Posted: Mon, 26 Sep 2022 07:00:00 GMT [source]
The primary difference is that you will communicate with them over Zoom or telephone rather than face to face. This will result in much of the subtlety and nuance of the conversation being lost. So, bear this in mind when talking to the person you have concerns about. It might be easier to have this conversation using the telephone rather than video calling. The key to having an enjoyable time working from home is self-awareness. Once you’ve done this self-reflection, you can organise your work time in a way that plays to your strengths and compensates for your weaknesses. This is why a lot of advice you’ll see on social media about working from home misses the point.
We’re trialling a 4-day work week (but with one key difference)
Whilst some managers will have experience of working as part of or managing virtual teams, the scope of tasks now being carried out by employees working from home may require managers to adjust their approach somewhat. Employers need to keep in mind, however, that a successful hybrid approach is not as simple as allowing people to work from home a few days a week. Adaptations will have to be made around staff skills, training, and company culture in particular. The government’s recent advice to work from home, plus the looming prospect of another lockdown, means employers must reconsider how they can help employees take care of their mental health.
- It’s not always easy, but there are certainly benefits to working remotely – for employers and employees.
- Whilst some managers will have experience of working as part of or managing virtual teams, the scope of tasks now being carried out by employees working from home may require managers to adjust their approach somewhat.
- While some of us have returned to our normal workplace, many are still working from home or going through a phased return.
- Or they might be the sort of person who just needs a lot of structure in their work life.
- The magnitude of this effect is comparable with smoking and it exceeds many well-known risk factors such as obesity and physical inactivity (Holt-Lunstad et al., 2010).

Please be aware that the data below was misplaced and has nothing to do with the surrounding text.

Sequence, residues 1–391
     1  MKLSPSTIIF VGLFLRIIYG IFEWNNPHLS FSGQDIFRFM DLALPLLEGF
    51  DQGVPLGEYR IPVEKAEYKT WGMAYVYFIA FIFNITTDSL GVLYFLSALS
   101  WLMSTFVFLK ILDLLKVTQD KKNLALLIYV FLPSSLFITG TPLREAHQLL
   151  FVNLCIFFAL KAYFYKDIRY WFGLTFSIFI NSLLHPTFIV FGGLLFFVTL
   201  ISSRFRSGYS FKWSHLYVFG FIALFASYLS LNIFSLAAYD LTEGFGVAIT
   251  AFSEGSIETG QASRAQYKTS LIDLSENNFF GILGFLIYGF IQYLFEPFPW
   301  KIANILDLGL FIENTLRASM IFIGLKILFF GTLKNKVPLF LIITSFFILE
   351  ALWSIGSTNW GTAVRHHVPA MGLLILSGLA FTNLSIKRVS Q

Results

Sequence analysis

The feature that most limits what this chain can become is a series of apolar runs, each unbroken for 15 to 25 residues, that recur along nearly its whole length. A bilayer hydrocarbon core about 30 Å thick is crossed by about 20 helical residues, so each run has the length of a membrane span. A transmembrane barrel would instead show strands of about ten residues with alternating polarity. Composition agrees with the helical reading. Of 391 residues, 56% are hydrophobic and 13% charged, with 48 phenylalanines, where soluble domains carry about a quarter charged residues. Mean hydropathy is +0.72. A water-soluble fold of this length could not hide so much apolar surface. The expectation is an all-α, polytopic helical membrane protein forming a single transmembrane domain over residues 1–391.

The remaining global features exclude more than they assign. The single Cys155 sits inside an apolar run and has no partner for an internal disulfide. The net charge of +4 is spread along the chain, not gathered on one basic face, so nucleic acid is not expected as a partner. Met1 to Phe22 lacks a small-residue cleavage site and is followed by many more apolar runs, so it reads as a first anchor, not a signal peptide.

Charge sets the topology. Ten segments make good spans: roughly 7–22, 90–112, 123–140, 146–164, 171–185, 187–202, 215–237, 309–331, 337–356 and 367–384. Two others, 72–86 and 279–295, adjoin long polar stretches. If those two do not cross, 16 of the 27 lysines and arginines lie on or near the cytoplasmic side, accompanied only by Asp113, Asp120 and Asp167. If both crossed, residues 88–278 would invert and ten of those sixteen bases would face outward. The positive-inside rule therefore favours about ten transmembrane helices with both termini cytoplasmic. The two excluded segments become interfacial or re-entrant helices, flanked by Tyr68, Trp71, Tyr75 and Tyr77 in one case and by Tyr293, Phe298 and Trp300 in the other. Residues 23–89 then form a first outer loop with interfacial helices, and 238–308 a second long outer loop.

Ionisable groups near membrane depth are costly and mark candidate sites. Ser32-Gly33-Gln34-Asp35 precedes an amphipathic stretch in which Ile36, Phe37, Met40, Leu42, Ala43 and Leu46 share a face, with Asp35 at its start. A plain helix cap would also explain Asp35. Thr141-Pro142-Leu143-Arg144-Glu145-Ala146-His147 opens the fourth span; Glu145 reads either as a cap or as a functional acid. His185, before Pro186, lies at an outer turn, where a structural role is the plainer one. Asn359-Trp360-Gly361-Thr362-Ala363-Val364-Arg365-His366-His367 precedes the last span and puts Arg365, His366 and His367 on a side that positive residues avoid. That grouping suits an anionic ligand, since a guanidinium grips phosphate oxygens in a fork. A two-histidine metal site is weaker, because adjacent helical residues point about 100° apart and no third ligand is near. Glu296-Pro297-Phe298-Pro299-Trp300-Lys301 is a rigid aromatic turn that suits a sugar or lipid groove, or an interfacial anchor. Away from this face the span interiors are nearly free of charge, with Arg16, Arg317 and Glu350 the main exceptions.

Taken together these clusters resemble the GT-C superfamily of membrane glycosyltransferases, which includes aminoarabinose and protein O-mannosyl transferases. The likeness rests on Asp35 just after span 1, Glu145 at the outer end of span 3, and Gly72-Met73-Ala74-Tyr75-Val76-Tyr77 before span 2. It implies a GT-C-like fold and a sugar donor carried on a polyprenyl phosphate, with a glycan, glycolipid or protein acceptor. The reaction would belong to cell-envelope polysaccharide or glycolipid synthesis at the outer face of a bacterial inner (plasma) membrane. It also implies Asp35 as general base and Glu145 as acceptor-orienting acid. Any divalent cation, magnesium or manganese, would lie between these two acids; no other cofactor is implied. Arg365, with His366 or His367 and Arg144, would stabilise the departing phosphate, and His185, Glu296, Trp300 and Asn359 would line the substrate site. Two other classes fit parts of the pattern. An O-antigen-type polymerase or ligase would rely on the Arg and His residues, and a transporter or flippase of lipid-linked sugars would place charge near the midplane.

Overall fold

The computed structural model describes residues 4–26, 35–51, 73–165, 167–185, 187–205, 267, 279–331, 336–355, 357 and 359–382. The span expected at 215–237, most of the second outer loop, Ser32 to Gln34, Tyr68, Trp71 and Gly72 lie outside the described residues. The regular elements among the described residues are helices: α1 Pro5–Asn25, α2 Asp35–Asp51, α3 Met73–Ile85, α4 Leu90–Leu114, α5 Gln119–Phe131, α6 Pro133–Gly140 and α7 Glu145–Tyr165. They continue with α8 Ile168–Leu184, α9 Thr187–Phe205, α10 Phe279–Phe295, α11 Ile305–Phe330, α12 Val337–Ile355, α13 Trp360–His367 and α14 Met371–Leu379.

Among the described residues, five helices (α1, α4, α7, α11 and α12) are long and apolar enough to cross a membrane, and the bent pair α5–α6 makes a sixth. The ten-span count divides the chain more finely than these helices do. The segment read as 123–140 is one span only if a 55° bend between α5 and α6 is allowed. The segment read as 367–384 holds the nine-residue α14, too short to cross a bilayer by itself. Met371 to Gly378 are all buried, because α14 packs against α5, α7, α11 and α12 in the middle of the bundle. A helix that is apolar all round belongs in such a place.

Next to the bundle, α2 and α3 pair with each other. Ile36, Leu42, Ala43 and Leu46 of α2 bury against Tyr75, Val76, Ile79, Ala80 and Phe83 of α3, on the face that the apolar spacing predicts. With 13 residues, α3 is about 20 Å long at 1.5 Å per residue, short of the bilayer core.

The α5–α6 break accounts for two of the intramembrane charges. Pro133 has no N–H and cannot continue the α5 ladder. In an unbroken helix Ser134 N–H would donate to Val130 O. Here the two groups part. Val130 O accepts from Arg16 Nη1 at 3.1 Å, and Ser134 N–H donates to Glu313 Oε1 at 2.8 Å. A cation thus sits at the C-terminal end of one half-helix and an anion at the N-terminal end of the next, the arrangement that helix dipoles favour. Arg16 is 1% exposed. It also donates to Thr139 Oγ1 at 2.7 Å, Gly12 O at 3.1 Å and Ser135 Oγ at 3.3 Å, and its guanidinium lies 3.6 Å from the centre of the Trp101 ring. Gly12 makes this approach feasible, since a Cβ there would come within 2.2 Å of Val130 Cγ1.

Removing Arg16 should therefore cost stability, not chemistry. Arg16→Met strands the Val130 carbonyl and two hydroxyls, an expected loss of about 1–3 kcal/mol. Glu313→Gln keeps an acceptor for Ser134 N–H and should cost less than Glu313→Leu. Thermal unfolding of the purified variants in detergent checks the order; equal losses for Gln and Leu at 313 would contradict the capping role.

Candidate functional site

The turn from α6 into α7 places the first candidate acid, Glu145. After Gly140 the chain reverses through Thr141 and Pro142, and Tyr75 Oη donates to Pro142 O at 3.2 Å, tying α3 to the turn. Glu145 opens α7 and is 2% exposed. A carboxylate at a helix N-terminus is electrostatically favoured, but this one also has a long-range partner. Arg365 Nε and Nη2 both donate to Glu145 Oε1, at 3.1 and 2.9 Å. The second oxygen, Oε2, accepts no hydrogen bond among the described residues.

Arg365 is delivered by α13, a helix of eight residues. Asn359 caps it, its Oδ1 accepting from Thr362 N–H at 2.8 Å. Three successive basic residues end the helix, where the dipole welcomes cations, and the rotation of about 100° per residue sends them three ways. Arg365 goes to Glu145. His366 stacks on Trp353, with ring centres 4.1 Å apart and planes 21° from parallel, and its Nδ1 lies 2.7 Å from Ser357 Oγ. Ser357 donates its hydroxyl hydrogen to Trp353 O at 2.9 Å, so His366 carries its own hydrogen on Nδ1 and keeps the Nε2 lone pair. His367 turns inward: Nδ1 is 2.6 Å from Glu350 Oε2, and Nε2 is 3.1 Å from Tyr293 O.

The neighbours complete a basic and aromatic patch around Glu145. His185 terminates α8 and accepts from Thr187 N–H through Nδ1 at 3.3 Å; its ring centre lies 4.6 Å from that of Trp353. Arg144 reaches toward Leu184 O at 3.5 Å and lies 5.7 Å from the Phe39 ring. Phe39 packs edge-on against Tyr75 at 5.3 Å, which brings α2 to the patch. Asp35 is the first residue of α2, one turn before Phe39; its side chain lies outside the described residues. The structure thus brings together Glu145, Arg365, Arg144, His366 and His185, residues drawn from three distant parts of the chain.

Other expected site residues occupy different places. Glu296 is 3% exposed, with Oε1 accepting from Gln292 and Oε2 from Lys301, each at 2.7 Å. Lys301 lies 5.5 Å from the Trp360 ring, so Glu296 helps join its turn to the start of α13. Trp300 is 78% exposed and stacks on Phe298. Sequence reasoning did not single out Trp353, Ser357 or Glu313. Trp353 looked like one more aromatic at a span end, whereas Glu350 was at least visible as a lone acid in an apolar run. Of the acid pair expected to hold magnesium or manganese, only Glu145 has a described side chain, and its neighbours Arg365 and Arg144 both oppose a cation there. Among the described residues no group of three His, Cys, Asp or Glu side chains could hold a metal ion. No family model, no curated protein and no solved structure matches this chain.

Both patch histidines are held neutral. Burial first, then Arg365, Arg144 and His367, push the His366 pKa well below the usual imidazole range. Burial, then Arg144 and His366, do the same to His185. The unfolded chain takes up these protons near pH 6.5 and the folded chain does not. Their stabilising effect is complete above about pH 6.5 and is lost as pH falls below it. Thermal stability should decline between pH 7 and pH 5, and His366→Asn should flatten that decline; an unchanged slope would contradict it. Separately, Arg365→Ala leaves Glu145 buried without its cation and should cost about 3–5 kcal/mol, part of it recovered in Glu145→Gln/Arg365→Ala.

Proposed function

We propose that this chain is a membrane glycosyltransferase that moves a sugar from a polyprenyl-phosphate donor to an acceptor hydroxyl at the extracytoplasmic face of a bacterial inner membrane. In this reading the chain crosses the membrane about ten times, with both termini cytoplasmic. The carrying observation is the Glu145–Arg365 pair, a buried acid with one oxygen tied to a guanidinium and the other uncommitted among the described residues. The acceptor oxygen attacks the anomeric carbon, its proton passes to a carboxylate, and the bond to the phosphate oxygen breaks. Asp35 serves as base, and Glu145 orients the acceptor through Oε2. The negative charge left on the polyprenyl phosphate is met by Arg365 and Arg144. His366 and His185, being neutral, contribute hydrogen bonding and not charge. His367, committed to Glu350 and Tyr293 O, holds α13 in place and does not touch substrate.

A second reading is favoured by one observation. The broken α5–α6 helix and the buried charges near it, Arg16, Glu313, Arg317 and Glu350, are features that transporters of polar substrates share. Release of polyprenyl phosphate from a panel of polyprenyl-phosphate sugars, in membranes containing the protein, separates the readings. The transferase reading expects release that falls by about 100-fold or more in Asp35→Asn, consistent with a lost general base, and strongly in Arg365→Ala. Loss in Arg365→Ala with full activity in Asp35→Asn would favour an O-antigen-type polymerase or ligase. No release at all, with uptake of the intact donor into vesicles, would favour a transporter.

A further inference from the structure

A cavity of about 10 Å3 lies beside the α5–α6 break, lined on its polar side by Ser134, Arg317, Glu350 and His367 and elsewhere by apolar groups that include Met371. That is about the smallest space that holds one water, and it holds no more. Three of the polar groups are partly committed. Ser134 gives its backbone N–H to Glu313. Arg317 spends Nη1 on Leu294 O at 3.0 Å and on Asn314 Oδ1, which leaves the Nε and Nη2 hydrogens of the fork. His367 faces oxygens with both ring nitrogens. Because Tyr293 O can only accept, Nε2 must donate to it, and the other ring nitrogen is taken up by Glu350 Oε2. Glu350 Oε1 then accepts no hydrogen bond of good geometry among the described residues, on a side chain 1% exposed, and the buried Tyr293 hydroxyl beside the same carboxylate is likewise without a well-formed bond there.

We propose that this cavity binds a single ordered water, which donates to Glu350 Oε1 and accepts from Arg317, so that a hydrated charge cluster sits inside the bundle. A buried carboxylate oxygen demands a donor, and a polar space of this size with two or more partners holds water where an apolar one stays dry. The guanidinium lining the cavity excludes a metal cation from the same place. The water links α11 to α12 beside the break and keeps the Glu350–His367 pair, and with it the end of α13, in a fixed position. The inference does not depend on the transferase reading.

“This is the first systematic review exploring the psychological wellbeing of primary care doctors during the COVID-19 pandemic.” Have reported stress and burnout over recent years, which is potentially damaging not just to doctors themselves, but also to patients and healthcare systems. 33% of professionals believe that their company is not demographically representative, with a further 52% believing that they have experienced unconscious bias at work. A fifth of professionals believe that lack of diversity in senior management positions holds back their own progression. “It’s important to reward results rather than just the number of hours spent in the office. Combating a culture of presenteeism is essential to creating a positive working environment and preventing burnout. Whilst two thirds of professionals (61%) believe that wellness policies are important, just a third of companies offer what is required by law.
Or they might be the sort of person who just needs a lot of structure in their work life. There will be no-one there to notice when you need a break and tell you to go home. Have a specific time to start, break times and a definite finish time – and stick to them. You’ve probably heard of Parkinson’s Law, which says that work expands to fill the time allocated to it. If you feel low or are struggling with feelings of isolation, there is support and advice available. It’s easier to stay logged on when your home is your office, but try to switch off when the work day is over, and enjoy time with family at home.